During her long career, Joëlle Léandre has been a constant explorer of the possibilities of her string bass and of exploratory musical languages, moving from creative collaborations with composers John Cage and Giacinto Scelsi to a devotion to free improvisation. This June, Léandre will receive a lifetime achievement award at New York’s Vision Festival. The appeal of this string bass soloist lies partly in her ability to conceal the essential character of the instrument: its thunderous and implacable lower register. Despite its sheer bulk, the instrument is chameleonic. Shifting attention to its middle and upper registers encourages plucking with guitar-like fluency or bowing with a cello’s keening clarity. The longest string will continuously divide, and the instrument’s highest harmonics approach those of a violin. Léandre can, evidently, do all that, but among the instrument’s great improvising soloists, she evinces a special fondness for the low register, and a decided preference for the bow. In this 2022 Zurich performance, Léandre begins with continuous bowing, emphasizing the grit of the lower strings. Her rapid cycling across the strings suggests a turbulent firmament or excavating machines tuned for the occasion. If her bass has another model in mind, it’s a rubab (the Middle Eastern bowed instrument with sympathetic drone strings), but it’s an unimagined contrabass version; Léandre’s gritty, cyclical bowing in itself ignites waves of harmonics.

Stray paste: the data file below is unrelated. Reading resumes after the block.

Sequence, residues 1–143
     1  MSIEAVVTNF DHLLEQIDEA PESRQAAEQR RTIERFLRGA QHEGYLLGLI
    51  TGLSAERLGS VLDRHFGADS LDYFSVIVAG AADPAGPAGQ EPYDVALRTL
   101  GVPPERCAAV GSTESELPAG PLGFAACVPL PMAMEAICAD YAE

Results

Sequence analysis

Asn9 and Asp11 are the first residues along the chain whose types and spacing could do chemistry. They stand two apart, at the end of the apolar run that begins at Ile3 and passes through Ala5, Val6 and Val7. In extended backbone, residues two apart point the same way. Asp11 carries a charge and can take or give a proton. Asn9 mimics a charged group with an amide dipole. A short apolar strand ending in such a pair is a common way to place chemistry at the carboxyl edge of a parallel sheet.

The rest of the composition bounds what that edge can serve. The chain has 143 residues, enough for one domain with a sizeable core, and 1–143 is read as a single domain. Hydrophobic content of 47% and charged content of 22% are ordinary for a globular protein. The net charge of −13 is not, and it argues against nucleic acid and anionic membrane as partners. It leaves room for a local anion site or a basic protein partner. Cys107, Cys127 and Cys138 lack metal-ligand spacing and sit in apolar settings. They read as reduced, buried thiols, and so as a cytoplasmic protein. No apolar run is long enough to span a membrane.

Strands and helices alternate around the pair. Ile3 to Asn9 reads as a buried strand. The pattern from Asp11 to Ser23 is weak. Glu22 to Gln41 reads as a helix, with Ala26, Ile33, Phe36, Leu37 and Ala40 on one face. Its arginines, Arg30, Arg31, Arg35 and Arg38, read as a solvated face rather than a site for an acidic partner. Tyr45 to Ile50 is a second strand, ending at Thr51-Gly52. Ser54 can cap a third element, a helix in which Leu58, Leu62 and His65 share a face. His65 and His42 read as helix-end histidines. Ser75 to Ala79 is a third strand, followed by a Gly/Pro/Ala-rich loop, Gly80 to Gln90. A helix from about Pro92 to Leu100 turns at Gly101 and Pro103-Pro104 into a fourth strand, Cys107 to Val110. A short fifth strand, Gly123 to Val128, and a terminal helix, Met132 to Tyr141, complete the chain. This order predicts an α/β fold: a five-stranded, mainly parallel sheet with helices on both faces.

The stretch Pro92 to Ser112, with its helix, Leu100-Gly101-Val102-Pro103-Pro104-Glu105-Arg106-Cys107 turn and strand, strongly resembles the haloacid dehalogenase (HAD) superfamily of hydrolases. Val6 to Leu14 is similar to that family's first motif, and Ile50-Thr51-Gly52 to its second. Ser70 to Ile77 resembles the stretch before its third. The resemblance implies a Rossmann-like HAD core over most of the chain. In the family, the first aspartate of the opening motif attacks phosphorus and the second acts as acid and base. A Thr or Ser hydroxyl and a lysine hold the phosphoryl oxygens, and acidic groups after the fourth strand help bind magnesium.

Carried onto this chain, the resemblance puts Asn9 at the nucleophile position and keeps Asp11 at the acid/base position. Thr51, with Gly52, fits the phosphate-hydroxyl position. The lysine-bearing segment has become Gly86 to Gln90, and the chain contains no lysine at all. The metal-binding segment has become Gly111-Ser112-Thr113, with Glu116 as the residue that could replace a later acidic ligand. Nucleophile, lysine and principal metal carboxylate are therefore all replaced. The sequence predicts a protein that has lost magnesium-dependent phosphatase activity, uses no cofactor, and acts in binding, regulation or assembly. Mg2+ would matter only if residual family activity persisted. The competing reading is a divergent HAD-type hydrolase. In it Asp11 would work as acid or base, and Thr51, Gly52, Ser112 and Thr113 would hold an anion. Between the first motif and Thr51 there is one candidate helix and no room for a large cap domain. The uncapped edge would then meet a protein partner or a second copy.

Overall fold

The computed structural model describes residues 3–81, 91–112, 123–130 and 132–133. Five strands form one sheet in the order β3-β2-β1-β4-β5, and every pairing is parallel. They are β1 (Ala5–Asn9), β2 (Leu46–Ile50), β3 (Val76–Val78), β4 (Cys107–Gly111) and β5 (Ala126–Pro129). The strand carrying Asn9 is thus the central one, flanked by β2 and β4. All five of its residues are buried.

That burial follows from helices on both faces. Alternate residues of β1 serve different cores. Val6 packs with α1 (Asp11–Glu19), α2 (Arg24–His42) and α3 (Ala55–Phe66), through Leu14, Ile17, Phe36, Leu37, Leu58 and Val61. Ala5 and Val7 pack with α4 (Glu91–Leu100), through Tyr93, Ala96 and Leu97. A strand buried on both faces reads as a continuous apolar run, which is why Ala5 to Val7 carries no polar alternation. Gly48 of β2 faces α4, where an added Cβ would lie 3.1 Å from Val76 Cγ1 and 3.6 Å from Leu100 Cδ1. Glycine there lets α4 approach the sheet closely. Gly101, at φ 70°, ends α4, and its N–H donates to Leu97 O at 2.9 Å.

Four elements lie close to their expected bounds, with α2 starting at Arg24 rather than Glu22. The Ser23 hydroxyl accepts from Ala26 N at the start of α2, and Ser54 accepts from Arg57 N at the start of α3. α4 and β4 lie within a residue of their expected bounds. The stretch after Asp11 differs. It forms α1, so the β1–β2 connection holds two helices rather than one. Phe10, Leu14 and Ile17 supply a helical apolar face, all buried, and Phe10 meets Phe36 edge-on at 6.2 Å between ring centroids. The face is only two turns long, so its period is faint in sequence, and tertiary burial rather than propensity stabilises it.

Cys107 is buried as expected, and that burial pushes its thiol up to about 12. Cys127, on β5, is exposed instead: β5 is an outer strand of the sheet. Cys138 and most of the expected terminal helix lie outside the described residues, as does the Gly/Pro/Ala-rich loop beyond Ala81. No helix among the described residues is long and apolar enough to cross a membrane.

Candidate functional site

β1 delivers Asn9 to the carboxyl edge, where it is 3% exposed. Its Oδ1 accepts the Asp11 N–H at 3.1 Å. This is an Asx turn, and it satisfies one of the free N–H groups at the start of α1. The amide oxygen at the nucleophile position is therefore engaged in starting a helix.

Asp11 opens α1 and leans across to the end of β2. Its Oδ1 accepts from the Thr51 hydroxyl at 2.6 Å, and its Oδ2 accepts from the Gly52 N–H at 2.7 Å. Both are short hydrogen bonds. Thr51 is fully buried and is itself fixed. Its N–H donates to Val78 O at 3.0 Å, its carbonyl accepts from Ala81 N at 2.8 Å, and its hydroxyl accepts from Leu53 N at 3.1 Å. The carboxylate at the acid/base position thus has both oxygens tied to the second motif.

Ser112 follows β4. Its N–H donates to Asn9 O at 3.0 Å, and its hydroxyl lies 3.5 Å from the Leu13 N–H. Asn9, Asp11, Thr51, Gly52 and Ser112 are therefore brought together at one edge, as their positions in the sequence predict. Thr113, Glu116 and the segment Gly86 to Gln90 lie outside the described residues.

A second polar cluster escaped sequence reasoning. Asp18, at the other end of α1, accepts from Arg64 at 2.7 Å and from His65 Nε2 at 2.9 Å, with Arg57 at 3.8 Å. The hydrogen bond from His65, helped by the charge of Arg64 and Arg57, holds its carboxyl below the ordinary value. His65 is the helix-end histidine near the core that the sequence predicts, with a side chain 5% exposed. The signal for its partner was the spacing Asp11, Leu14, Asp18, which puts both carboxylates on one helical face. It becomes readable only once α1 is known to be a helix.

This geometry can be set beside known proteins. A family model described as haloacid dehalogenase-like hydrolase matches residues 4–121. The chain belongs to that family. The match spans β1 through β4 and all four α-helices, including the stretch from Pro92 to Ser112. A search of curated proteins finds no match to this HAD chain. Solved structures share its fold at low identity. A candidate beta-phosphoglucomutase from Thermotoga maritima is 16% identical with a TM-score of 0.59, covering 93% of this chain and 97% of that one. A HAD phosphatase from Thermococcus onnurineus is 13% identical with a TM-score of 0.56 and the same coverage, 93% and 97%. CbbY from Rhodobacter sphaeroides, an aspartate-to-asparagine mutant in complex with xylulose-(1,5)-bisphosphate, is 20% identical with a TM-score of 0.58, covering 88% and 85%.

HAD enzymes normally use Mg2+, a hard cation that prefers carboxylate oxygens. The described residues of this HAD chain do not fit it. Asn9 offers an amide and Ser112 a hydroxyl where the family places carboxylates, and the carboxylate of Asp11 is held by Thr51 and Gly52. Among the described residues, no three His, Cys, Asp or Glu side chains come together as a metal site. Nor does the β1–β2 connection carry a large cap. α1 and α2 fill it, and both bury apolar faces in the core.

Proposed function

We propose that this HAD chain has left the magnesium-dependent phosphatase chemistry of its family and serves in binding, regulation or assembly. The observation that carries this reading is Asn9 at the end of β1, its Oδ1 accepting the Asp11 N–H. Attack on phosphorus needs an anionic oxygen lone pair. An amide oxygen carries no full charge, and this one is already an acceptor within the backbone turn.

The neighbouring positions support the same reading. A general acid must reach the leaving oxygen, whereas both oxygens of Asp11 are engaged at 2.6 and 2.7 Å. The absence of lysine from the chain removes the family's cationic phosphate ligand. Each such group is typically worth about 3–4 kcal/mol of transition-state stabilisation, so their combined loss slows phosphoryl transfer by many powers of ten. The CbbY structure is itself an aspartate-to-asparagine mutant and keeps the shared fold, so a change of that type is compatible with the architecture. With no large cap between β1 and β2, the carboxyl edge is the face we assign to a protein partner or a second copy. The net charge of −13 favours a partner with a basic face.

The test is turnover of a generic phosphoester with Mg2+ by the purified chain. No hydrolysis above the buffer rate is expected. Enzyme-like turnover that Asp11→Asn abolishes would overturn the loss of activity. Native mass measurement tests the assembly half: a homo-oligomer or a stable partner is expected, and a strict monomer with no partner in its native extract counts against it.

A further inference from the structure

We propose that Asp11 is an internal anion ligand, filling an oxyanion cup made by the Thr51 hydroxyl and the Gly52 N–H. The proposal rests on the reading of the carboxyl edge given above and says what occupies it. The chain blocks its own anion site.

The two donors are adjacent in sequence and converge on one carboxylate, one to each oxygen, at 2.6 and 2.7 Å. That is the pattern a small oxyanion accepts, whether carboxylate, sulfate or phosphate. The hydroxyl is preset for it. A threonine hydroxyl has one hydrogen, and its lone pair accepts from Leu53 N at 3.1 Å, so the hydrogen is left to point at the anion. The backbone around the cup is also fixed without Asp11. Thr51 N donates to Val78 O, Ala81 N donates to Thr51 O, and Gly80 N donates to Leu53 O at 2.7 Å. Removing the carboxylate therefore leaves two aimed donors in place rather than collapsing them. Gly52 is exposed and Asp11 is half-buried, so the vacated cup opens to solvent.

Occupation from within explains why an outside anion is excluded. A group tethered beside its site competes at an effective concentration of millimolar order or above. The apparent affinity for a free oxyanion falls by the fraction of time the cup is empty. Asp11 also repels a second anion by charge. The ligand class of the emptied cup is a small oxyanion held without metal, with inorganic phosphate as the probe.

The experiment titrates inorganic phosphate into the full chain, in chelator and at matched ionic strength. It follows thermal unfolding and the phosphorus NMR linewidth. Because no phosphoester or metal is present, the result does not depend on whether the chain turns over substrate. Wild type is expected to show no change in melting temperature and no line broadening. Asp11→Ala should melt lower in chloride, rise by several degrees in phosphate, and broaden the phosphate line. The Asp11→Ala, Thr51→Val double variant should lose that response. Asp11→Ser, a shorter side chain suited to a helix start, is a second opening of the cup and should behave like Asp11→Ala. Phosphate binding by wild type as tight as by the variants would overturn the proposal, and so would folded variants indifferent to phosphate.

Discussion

As much a spell as a concert, this is trance music. Eventually Léandre adds her own voice—singing, chanting, and droning—to that dense storm of metallic bass vibrations, as well as drumming on the instrument, becoming an individual acoustic performer of such spiritual power that it’s as much collective tuning as solo bass performance.